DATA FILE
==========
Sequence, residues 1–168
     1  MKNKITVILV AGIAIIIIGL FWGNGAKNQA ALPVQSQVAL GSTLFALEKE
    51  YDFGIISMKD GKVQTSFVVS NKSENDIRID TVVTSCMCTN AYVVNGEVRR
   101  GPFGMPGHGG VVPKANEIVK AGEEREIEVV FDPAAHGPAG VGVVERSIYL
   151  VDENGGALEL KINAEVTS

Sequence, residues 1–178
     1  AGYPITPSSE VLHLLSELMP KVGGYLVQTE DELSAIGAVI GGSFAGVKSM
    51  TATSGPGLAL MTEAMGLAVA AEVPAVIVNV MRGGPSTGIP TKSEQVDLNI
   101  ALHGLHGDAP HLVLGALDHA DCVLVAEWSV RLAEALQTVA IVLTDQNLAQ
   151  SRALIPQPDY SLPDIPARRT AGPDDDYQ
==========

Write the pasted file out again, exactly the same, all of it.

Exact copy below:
Sequence, residues 1–168
     1  MKNKITVILV AGIAIIIIGL FWGNGAKNQA ALPVQSQVAL GSTLFALEKE
    51  YDFGIISMKD GKVQTSFVVS NKSENDIRID TVVTSCMCTN AYVVNGEVRR
   101  GPFGMPGHGG VVPKANEIVK AGEEREIEVV FDPAAHGPAG VGVVERSIYL
   151  VDENGGALEL KINAEVTS

Sequence, residues 1–178
     1  AGYPITPSSE VLHLLSELMP KVGGYLVQTE DELSAIGAVI GGSFAGVKSM
    51  TATSGPGLAL MTEAMGLAVA AEVPAVIVNV MRGGPSTGIP TKSEQVDLNI
   101  ALHGLHGDAP HLVLGALDHA DCVLVAEWSV RLAEALQTVA IVLTDQNLAQ
   151  SRALIPQPDY SLPDIPARRT AGPDDDYQ